Israel, U.S. to Embark on Largest Joint Exercise in Allies’ History

U.S. Assistant Secretary for Political-Military Affairs Andrew Shapiro says security relationship with Israel is broader, deeper, more intense than ever before.

Israel and the U.S. will embark on the “largest” and “most significant” joint exercise in the allies’ history, said Andrew Shapiro, U.S. assistant secretary for political-military affairs, on Saturday.

Speaking to the Washington Institute for Near East Policy, Shapiro said the exercise will involve more than 5,000 U.S. and Israeli forces, and will simulate Israel’s ballistic missile defense.

“Joint exercises allow us to learn from Israel’s experience in urban warfare and counterterrorism,” said Shapiro.

“Israeli technology is proving critical to improving our Homeland Security and protecting our troops,” he added, explaining that Israeli armor plating technology and the specially designed “Israeli bandage”, being used on American troops in Afghanistan and Iraq, are proven successes.

In addition, he said, Israel will soon gain access to an expedited Congressional Notification process, which will allow for faster trade of smaller, routine sales and purchases of arms between the allies. Countries already subject to expedited Congressional Notification processes are NATO members, Japan, South Korea, Australia and New Zealand.

Shapiro emphasized the Obama Administration’s support for Israel, despite comments by a senior U.S. official on Friday, who expressed concern that Israel would not warn the U.S. before taking military action against Iran’s nuclear facilities.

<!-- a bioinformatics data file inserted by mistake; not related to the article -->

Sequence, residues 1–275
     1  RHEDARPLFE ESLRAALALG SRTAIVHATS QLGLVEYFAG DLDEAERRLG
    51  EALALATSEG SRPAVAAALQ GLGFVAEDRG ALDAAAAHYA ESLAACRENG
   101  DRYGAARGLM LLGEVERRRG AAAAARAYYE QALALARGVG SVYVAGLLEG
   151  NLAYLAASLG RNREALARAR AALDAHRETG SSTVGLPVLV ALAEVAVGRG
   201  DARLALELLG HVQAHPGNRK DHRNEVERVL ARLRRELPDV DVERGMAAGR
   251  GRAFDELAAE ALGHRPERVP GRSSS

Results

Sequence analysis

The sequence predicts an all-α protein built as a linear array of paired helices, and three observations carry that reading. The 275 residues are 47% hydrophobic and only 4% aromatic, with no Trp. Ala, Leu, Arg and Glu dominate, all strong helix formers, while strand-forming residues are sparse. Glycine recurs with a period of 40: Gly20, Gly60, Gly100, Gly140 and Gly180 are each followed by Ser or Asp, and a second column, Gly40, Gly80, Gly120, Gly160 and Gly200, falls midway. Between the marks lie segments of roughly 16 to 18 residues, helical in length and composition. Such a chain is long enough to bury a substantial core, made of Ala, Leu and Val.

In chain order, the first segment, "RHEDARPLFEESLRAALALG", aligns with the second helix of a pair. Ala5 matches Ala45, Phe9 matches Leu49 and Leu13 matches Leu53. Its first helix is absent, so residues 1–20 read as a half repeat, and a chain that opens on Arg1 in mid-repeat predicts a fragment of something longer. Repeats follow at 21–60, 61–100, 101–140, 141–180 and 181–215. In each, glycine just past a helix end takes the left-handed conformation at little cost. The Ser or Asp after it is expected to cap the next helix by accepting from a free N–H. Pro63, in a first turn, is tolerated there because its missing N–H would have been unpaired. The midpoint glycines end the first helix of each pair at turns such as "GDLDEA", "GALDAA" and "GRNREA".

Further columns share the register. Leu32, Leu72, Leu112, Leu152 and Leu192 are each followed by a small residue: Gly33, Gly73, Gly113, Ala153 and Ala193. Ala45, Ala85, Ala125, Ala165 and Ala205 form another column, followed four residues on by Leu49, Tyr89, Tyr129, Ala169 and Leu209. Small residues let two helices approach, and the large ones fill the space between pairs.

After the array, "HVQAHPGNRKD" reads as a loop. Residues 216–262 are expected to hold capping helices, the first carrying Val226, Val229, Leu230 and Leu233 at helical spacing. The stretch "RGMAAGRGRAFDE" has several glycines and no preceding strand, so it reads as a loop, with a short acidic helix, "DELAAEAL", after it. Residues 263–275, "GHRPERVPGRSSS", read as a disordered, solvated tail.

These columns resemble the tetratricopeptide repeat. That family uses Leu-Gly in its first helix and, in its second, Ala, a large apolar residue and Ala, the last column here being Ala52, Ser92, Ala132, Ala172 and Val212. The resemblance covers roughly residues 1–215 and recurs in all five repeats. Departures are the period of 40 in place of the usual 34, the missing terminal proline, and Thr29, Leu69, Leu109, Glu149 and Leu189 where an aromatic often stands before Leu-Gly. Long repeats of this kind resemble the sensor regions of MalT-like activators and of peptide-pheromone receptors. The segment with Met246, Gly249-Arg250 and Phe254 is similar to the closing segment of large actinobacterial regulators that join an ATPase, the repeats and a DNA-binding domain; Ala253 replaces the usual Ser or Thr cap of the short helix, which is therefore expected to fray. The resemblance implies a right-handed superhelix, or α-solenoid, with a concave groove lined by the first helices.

“Our security relationship with Israel is broader, deeper and more intense than ever before,” said Shapiro, adding that Israel’s military edge was a “top priority” for himself, U.S. Secretary of State Hillary Clinton and U.S. President Barack Obama.

The U.S. has a $3 billion per year commitment to Israel, which Shapiro said the Obama Administration would continue to honor over the next ten years, “even in challenging budgetary times”.

Speaking of the economic impact of the U.S.-Israeli relationship, Shapiro said it was important to note that U.S. security assistance to Israel helps support American jobs, since the “vast majority of security assistance” is spent on American-made goods and services. “We don’t provide assistance out of charity. We provide assistance because it benefits our security,” he said.

“We support Israel because it is in our national interests to do so,” said Shapiro, echoing the recent report by the Washington Institute for Near East Policy, entitled, “Israel: A Strategic Asset for the United States”, which argues that Israel is a strategic asset to the U.S. “If Israel were weaker, its enemies would be bolder. This would make broader conflict more likely, which would be catastrophic to American interests in the region. It is the very strength of Israel’s military which deters potential aggressors and helps foster peace and stability.”
 

 


Articles by: Natasha Mozgovaya

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